In the last days of Fall 2001, I was among several fledgling writers led by the late, great Digby Wolfe creating a radio show that was recorded before a live audience. Called “Green Chile Stew,” it was an hour-long melange of comic skits performed as part of UNM’s annual Words Afire festival by Tricklock Theatre Company. The Albuquerque Journal selected it as one of the ten best theater productions of the year.
“Green Chile Stew” was performed at the Outpost Performance Space on Yale. The performers stood at microphones and read their lines from scripts placed on music stands. Off to one side sat the sound effects person. In the land of radio (and television and movies), that function is called the Foley. Footfalls, door knocks, gun shots — whatever sounds were called for — were generated live with shoes, pieces of wood and more all gathered on a table.
The writers included David Landry, Casey Mraz, Aaron Frale, and Elizabeth Otero. (I’m sure I’ve missed a couple of people; this was 11 years ago and I'm listing them from memory.)
What amazed me most was the audience reaction. People loved watching a radio show being made. “Green Chile Stew” was performed and recorded twice and then mixed down to a one-hour show for KUNM-FM, taking the best pieces from the two nights.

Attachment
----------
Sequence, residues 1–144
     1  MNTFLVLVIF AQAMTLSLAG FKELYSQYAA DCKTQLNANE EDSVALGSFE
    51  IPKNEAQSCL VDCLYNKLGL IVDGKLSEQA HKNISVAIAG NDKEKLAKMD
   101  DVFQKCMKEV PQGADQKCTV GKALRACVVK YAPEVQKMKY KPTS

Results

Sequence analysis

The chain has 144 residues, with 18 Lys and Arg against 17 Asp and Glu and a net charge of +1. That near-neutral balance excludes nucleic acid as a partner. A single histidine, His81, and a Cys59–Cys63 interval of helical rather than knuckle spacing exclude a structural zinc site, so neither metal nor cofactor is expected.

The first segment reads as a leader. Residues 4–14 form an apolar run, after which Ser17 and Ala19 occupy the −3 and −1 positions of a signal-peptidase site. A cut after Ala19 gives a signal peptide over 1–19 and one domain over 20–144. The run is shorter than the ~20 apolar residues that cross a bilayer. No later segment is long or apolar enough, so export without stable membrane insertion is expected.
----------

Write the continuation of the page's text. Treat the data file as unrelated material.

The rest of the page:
Last night I watched another live radio show. I went to Ames, Iowa, to see L.A. Theatre Works perform Pride and Prejudice, a show we’re bringing to Popejoy Hall this January. We wanted to see first-hand the style of their presentation so we’d better understand it.
One of the chief differences between the performance last night and our performances of "Green Chile Stew" is that L.A. Theatre Works had more of a visual presentation. Actors were costumed in period attire. Slides projected behind the actors helped show us where each scene took place. Lighting was designed rather than turned on or off.
Their microphones were stationary, as one would expect for a radio show, but the actors were not. They moved from microphone to microphone even during scenes, adding physical distance or proximity to our understanding of the narrative. Many of them portrayed a number of different characters with the addition of a coat or shawl. One actress also doubled as their Foley technician.
The audience last night in Stephens Auditorium on the Iowa State University campus rewarded the cast of nine with a hearty round of applause for a story well-told. Of course, having a story as popular as Pride and Prejudice helped. This is the 200th anniversary of the publication of Jane Austen’s novel, a benchmark being celebrated around the world.
Pride and Prejudice has proven to be popular here: it’s almost sold out. Even before we got the chance to witness the style of presentation L.A. Theatre Works offers, New Mexicans trusted our choice. Now having seen it — and from my own experience with "Green Chile Stew" — I think people here will enjoy seeing radio come to life on stage.
Terry S. Davis